In 2007 it was reported by Chinese archaeologists
that a mysterious underground chamber had been found inside the
Chinese imperial tomb which was guarded by the famous Terracotta
Historical records describing the tomb of Qin
Shihuang, the first emperor of China's Qin dynasty, fail to
mention the room which is thirty metres (98 feet) deep. The unopened
chamber was found at the site near the old imperial capital of Xian
using remote sensing technology. One expert opined that it may have
been built for the soul of the emperor.
More than two thousand years old, the chamber
was buried inside a pyramidal earth mound 51m (170 feet) high on
top of Qin's tomb. It was situated near the life-size terracotta
warriors and had four stair-like walls, according to Duan Qingbo,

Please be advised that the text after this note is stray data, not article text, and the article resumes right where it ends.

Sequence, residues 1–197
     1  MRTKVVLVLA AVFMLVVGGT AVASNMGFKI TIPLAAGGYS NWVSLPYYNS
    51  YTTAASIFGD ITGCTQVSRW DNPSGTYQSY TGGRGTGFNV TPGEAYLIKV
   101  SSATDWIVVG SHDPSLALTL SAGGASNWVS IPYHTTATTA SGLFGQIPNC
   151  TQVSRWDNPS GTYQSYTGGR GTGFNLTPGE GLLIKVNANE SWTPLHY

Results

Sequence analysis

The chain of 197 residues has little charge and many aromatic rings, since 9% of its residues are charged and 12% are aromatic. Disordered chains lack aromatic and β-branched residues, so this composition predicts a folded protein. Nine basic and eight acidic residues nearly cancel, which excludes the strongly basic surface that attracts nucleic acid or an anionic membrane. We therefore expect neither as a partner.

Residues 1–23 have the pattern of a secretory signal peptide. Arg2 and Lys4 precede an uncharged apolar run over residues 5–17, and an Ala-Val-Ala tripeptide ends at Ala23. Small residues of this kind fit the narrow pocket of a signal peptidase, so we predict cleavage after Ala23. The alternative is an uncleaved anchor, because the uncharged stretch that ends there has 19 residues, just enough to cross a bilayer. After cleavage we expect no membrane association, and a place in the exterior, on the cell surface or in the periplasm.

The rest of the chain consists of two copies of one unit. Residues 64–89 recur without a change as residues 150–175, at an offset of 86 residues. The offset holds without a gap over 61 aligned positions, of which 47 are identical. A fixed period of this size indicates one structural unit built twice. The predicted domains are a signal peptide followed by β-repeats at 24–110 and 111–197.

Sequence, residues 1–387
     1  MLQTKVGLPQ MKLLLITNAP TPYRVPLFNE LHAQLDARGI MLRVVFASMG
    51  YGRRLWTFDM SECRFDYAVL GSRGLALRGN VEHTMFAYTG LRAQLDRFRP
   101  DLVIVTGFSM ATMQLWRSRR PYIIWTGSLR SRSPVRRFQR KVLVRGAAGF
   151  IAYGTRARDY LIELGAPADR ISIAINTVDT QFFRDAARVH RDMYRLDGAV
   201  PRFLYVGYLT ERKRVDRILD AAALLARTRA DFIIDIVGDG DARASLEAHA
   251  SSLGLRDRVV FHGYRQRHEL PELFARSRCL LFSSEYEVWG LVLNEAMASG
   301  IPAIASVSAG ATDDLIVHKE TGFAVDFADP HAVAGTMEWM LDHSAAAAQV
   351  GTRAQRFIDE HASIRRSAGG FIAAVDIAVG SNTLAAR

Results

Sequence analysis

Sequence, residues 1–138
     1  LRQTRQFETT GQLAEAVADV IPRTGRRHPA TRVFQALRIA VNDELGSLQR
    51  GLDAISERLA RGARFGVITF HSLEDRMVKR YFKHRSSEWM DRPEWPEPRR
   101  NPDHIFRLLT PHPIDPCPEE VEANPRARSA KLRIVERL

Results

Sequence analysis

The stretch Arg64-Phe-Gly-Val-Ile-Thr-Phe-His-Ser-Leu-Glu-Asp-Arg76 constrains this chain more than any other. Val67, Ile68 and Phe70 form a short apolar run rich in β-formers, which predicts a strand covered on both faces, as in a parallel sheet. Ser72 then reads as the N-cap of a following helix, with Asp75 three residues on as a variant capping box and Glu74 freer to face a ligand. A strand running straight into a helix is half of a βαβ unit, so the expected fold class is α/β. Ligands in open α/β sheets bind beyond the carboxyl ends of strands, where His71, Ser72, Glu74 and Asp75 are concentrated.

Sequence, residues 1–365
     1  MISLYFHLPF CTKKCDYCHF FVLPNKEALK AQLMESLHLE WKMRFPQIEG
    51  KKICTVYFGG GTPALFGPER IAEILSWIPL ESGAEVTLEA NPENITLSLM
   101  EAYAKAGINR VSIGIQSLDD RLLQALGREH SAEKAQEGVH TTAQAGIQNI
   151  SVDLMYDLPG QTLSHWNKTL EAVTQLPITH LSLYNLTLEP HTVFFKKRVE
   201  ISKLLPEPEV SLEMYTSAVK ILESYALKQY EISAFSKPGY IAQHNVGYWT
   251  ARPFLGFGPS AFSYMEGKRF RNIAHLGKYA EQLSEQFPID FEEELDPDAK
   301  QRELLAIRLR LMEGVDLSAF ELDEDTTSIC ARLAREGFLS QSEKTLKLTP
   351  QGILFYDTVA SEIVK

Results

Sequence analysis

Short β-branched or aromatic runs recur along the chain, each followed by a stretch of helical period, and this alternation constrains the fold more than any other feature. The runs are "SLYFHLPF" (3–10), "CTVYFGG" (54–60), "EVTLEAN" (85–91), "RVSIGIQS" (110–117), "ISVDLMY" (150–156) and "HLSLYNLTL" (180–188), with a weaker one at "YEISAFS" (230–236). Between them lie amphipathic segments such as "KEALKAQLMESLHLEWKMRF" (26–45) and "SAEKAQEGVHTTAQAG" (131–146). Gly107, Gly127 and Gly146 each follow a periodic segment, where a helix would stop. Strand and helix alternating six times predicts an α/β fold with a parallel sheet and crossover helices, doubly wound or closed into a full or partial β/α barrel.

a researcher with the Shaanxi Archaeological Research Institute.
At the time of writing the Chinese authorities had
not given permission to excavate the site. It was believed that they
wished to perfect archaeological techniques before probing any
further, and archaeologists had had to use sensing technology at the
site from 2002.
Despite his brutal methods, Emperor Qin is
remembered as a hero in China for forging a unified state. He also
provided the country with the name by which it is known outside of
China itself - 'Qin' is pronounced 'chin'.
According to the UNESCO World Heritage Centre, archaeologists
suspected that the unexcavated tomb could contain an entire
replica of the city of Xi'an, which the warriors guard